- Information on Mandatory Reporting of Sexual Abuse by Health Professionals
- Mandatory Reporting: Additional Reporting Obligations, e-Bulletin – Volume 6, Number 2, April 2015
Originally published in Volume: 1 Issue: 1 of HeadLines.
In Ontario, there is no duty to warn, if one interprets “duty” to mean a mandatory requirement. That is, there is no obligation to report concerns that a client/patient may pose a danger to themselves or others. It is important to understand however, that this does not mean that one cannot, or should not, take some action in the face of such serious concerns. The Personal Health Information Protection Act, 2004 (PHIPA) sets out a member’s obligations with respect to maintaining the confidentiality and privacy of personal health information. The legislation does provide an exception to the duty of confidentiality where a member finds it necessary to notify someone of a serious risk to a person’s safety. PHIPA states:
40 (1) A health information custodian may disclose personal health information about an individual if the custodian believes on reasonable grounds that the disclosure is necessary for the purpose of eliminating or reducing a significant risk of serious bodily harm to a person or group of persons. 2004, c. 3, Sched. A, s. 40 (1).
A key concept within this section of PHIPA is contained in the words “may disclose”. PHIPA does not oblige a member to make such disclosures, but it permits one to do so “for the purpose of eliminating or reducing a significant risk of serious bodily harm”. With this purpose in mind, PHIPA reinforces a member’s need to use their knowledge of the client/patient and their professional judgement to determine the best, most appropriate, action to take.
Originally published in Volume: 1 Issue: 1 of HeadLines
The legislation does not direct a member to contact any particular organization, institution or individual should it be determined there is a need to take some action. In considering a breach of confidentiality under section 40 of PHIPA, it is important that, in keeping with the stated purpose, the disclosure be made to someone who is in a position to ‘eliminate or reduce a significant risk of serious bodily harm’.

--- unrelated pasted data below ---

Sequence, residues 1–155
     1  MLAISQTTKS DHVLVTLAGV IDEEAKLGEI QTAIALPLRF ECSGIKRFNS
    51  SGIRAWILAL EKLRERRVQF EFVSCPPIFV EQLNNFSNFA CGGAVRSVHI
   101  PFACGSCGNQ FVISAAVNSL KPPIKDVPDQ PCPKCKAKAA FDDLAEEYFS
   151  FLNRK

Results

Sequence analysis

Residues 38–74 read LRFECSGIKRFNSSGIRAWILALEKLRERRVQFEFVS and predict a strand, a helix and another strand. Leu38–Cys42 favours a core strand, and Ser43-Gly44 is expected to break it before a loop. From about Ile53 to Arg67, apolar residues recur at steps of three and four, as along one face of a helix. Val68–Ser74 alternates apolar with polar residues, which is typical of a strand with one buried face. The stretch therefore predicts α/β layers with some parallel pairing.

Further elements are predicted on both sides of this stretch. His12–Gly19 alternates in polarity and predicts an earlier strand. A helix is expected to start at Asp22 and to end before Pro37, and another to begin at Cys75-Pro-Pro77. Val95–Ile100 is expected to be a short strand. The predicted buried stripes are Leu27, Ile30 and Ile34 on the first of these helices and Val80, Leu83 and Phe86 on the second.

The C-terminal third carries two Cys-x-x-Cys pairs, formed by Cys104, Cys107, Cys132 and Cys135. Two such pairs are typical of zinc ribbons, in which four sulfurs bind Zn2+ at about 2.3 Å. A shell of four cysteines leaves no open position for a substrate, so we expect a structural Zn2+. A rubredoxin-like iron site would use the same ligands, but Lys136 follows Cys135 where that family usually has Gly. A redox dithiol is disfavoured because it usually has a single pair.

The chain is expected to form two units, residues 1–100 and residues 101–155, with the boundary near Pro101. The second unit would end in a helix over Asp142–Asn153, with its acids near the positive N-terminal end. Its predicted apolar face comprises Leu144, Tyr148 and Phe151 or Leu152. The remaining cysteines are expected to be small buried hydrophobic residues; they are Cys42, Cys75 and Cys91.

When faced with serious concern about a client’s/patient’s risk of harm to self or others, members have to make the difficult judgment about who to contact in this time of crisis. When initially reviewing the limits of confidentiality regarding risk of harm with a client/patient, members may wish to discuss this with the client/patient. That is, engage the client in a discussion of who they believe should be called in the event of a crisis. The client/patient may identify a family member, other health care provider, close friend, member of the clergy, a community worker, an organization with which they have been involved or some other individual. While the ultimate decision rests with each member based on their best clinical judgement, taking into account their understanding of the client/patient and the particular situation, this previous discussion may prove helpful in deciding upon the most appropriate action.
It is important to make a distinction between situations of client/patient risk of harm to themselves or others, often referred to as “duty to warn” and other mandatory reporting obligations. Section 40 of PHIPA does not apply to situations where one has reasonable grounds to suspect that a child is in need of protection or one suspects abuse or neglect in a retirement or long-term care facility. In these situations, mandatory reporting to the appropriate authority is required.
The timelines are set out in the Health Professions Procedural Code, 1991, which is section two of the Regulated Health Professions Act, 1991 as follows:
Timing of report
(2) The report must be filed within 30 days after the obligation to report arises unless the person who is required to file the report has reasonable grounds to believe that the member will continue to sexually abuse the patient or will sexually abuse other patients, or that the incompetence or the incapacity of the member is likely to expose a patient to harm or injury and there is urgent need for intervention, in which case the report must be filed forthwith. 2007, c. 10, Sched. M, s. 62 (1).
It may be that your mandatory obligation to report sexual abuse arises in the course of providing psychotherapy to another regulated health professional. In this case, your report must also contain your opinion, if you are able to form one, as to whether this member is likely to sexually abuse patients in the future.
The Inquiries, Complaints, and Reports Committee (ICRC) decides what to do in each case by thinking about the possible negative outcomes of the member’s conduct. The ICRC thinks about this in terms of “risk.”